A cold wind rushes through the cabin as passengers bundle themselves up in whatever thick clothes and blankets they can find. The door has been left open for 30 minutes, and the crew is nowhere to be found.

The hydraulic screech of the long machine that hoists food onto the aircraft irks everyone in earshot, not because of its volume or its pitch, but because the flight was supposed to take off two hours ago.

After waiting over an hour longer than they planned — listening to tired music, gnawing on soggy sandwiches and sipping lukewarm coffee — they sit on an immobile aircraft texting their impatient friends at home, desperate to push back.

The patience of the passengers is tested perpetually.

When the aircraft finally finds its destination, there will be meetings missed, appointments cancelled, loved ones busy.

This is not the tale of a rotten return from spring break, although it is indeed inspired by one. It’s the general story of the sorry state of aviation in America.

In 2014, just 67.7 percent of domestic flights in the United States reached their destinations on time. So far this year, just three-fourths did.

It’s a national embarrassment.

This is the efficiency that we have come to expect of aviation in America — and this is hardly how it works internationally.

Perhaps we expect it because airlines have so normalized delays to the point that they are expected — maybe even planned for. Or perhaps it’s because aircrafts themselves are these enormous machines that transport us through the skies at incomprehensible speeds, so we forgive their inefficiencies.

Mostly, I’d argue, it’s because we have no other choice.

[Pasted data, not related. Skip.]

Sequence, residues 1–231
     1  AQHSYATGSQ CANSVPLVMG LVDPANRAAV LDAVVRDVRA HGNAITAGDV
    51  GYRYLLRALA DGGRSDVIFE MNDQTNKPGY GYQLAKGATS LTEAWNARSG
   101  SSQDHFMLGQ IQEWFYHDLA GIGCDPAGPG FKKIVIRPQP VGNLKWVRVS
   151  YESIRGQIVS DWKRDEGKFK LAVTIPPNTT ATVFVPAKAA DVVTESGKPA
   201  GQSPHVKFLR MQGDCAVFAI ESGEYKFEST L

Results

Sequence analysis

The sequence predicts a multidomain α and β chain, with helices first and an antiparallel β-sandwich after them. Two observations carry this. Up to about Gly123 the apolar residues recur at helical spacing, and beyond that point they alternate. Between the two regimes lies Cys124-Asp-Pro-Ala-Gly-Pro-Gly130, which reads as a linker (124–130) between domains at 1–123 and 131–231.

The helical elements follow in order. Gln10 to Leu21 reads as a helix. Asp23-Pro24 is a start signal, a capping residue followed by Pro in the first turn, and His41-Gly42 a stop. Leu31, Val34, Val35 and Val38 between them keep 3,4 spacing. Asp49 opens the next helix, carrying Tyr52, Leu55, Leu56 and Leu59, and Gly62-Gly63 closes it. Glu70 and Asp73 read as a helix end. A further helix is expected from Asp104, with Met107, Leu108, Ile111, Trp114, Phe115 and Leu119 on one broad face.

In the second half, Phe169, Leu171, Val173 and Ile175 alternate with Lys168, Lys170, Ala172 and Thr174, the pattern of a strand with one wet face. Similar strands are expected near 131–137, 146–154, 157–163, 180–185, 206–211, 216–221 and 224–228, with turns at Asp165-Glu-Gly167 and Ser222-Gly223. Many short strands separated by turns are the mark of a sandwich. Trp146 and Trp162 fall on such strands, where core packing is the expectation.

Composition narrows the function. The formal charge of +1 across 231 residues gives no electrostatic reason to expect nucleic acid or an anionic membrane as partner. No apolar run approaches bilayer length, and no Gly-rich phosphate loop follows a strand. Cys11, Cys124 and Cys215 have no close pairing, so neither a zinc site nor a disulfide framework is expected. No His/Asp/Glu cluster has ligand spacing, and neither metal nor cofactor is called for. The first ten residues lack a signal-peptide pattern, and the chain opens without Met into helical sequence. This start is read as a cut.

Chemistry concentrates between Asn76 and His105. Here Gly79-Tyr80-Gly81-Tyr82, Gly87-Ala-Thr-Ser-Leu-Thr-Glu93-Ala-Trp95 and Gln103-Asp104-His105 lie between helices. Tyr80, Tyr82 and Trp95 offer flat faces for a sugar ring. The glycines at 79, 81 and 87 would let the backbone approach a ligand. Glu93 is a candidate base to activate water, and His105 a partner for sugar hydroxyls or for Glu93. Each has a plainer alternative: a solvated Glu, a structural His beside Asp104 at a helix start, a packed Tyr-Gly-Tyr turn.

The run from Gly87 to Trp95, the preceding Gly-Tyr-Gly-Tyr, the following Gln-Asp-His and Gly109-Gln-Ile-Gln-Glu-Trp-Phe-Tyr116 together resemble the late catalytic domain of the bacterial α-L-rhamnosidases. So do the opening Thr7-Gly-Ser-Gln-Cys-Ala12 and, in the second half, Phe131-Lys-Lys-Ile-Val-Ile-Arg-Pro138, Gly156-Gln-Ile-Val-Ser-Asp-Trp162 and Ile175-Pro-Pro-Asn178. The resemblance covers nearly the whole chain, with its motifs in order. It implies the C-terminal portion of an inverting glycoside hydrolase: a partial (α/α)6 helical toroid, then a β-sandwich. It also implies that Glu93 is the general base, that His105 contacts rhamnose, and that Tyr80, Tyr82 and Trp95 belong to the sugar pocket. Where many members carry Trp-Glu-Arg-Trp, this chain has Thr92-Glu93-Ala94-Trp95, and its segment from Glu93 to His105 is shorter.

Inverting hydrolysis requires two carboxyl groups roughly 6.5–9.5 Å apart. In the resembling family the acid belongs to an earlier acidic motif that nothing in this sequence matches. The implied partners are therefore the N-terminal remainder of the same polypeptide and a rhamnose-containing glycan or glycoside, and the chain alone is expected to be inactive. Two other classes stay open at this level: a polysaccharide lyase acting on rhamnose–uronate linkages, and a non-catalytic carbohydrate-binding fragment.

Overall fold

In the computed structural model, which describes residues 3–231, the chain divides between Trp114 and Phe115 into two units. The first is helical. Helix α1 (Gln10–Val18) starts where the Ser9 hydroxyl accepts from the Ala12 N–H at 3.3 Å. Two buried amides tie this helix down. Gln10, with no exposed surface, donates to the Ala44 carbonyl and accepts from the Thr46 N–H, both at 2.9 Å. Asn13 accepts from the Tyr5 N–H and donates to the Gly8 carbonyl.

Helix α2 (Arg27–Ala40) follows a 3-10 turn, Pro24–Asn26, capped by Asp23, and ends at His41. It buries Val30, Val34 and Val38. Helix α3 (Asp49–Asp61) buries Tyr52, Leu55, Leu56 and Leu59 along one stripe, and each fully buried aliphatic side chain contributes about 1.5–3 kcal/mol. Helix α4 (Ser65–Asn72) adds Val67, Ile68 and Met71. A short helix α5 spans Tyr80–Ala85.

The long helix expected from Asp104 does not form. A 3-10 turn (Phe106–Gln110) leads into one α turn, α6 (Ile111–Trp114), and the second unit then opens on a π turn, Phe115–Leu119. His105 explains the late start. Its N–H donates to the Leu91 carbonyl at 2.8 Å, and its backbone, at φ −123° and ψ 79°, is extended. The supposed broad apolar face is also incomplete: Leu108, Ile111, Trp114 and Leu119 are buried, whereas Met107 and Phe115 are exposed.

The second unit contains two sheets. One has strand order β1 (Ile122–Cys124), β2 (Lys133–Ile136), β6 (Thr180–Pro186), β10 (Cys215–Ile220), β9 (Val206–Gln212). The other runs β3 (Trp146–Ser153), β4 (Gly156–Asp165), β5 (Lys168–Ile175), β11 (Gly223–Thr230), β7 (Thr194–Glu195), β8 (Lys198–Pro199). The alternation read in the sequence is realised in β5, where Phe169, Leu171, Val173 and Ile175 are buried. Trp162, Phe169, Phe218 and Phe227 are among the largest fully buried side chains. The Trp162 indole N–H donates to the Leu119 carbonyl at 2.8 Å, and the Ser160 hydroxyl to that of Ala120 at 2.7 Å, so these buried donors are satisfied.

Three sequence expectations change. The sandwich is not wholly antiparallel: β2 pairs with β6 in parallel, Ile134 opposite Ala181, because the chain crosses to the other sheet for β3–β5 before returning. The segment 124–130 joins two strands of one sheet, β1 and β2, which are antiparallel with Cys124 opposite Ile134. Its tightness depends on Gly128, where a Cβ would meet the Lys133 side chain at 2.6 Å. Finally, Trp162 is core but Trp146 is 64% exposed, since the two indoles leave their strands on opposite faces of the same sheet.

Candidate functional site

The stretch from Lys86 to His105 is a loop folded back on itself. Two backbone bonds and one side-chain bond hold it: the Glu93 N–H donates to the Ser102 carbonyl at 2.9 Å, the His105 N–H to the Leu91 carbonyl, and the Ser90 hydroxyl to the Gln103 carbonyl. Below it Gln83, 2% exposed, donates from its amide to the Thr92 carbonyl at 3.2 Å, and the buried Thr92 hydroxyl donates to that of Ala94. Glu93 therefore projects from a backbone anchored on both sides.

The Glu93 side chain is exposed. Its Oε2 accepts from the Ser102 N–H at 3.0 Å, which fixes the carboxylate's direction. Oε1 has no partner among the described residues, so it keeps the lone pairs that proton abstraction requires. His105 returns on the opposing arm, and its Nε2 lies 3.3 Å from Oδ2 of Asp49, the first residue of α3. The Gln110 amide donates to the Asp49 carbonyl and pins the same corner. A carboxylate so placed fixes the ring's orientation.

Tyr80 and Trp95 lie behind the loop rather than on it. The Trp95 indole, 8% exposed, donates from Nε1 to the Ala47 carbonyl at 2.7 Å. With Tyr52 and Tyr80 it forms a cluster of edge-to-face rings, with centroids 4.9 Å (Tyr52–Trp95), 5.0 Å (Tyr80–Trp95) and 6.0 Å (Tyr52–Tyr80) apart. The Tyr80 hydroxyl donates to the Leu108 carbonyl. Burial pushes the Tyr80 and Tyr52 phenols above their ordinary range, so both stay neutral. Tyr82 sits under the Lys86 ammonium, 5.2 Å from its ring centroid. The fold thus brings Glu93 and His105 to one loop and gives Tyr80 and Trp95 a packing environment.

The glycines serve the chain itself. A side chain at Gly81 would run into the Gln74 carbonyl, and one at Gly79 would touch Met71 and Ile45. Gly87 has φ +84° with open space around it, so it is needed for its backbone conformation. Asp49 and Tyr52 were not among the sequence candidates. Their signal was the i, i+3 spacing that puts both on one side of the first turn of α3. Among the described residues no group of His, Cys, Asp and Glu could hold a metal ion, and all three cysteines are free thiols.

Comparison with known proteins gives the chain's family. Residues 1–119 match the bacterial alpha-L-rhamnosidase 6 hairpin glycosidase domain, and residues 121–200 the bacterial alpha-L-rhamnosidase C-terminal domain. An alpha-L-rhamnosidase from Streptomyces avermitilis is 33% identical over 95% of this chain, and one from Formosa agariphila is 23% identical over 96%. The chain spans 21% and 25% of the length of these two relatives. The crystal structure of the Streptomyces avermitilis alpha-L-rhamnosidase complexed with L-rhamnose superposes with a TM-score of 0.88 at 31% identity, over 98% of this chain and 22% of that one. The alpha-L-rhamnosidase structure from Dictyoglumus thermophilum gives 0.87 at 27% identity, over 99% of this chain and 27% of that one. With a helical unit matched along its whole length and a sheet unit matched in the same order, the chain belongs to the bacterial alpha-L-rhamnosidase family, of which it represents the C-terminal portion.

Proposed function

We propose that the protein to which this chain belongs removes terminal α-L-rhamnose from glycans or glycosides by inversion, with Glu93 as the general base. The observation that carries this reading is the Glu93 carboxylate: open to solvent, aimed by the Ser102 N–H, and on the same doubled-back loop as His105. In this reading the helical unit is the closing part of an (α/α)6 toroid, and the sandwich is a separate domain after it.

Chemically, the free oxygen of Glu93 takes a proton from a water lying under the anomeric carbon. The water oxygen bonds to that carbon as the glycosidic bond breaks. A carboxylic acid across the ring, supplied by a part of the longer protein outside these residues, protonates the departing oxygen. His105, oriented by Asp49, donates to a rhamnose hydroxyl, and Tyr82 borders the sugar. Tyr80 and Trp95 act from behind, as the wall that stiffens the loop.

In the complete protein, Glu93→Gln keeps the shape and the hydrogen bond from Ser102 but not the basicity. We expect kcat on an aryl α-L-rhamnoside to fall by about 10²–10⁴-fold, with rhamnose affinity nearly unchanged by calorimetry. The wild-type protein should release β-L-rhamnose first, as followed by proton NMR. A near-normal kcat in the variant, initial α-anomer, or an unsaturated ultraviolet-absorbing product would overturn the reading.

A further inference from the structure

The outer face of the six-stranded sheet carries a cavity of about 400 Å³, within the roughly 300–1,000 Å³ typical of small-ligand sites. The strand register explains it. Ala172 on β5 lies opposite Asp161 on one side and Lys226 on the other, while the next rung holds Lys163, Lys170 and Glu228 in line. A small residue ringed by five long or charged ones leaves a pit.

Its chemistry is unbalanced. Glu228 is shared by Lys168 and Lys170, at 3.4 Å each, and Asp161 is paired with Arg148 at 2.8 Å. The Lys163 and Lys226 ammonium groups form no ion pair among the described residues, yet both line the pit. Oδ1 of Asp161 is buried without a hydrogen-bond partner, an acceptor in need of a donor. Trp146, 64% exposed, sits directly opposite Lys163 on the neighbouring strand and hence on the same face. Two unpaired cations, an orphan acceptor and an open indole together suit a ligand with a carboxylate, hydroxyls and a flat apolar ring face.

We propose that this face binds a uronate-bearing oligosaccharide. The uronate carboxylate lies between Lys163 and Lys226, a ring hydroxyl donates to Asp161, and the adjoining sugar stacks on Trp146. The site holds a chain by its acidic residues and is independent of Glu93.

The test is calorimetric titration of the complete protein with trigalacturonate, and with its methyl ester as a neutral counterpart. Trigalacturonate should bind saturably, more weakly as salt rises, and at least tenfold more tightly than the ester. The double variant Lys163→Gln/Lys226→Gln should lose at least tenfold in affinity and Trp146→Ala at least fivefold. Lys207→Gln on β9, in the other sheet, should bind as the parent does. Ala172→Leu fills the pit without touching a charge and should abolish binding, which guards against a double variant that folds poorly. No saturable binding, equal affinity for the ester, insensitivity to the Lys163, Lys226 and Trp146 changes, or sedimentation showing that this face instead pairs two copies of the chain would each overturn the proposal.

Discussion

The aviation industry in America is not a capitalist free market, but an oligarchy — efficient for the executives who reap the rewards, but blisteringly painful for the unfortunate passengers whose dollars keep the planes in the sky.

There are now just nine airlines in the United States that offer more than 50 national destinations.

The result is that the airlines have carved out their own monopolized routes, leaving you two choices: Either fly their airline or drive. This is true for the vast majority of domestic flight routes; even in the few routes where several of these airlines compete, customers are typically tied to one airline by frequent-flyer programs and rarely look to the competitors.

The reason that international flights tend to be more timely, comfortable and frequently less expensive is because there are almost always three or more competing airlines; they use their newest aircrafts, charge their most competitive rates and prioritize their departures and arrivals.

Aircrafts for domestic flights can be up to 30-years-old, and the computer systems used for ticketing and maintenance are even older. Crews often don’t know that maintenance is needed until the plane is on the ground, and small computer errors can cause chaos and hundreds of cancelled flights, like in January of this year.

Even if some enterprising young entrepreneurs developed a miracle software that would fix all of these errors, and perhaps even pre-empt maintenance — unless they gave it away for free — they would find few customers.

Because there is no need to compete, there is no need to improve.

The solution, naturally, would be to break up the airlines into smaller companies, forcing them to compete.

“Aren’t you the business-loving libertarian columnist?” I can hear you wondering.

Yes, and that’s why I think this is so important.

The monopolies that have developed in aviation across America have stifled economic productivity and caused countless missed connections — not just to other flights, but to other people. Airlines regularly lie to their customers about departure times, cancellations and hidden fees. They pay their employees poorly and they are always looking for ways to squeeze more money from their customers, because there are no real consequences.

Aviation in America is not so much an industry as it is a racket.

If the current nine major airlines were divided into 40, a market would emerge. Prices would decrease, computer systems would improve and new innovations to reduce delays and cancellations would reshape the skies.

The billions of dollars saved would be great for business, but it would be nothing compared to customers finally feeling that their airline respects their time.

REID JACKSON is a College junior from New York and London studying political science. His email address is reja@sas.upenn.edu. “Common Sense” usually appears every other Thursday.

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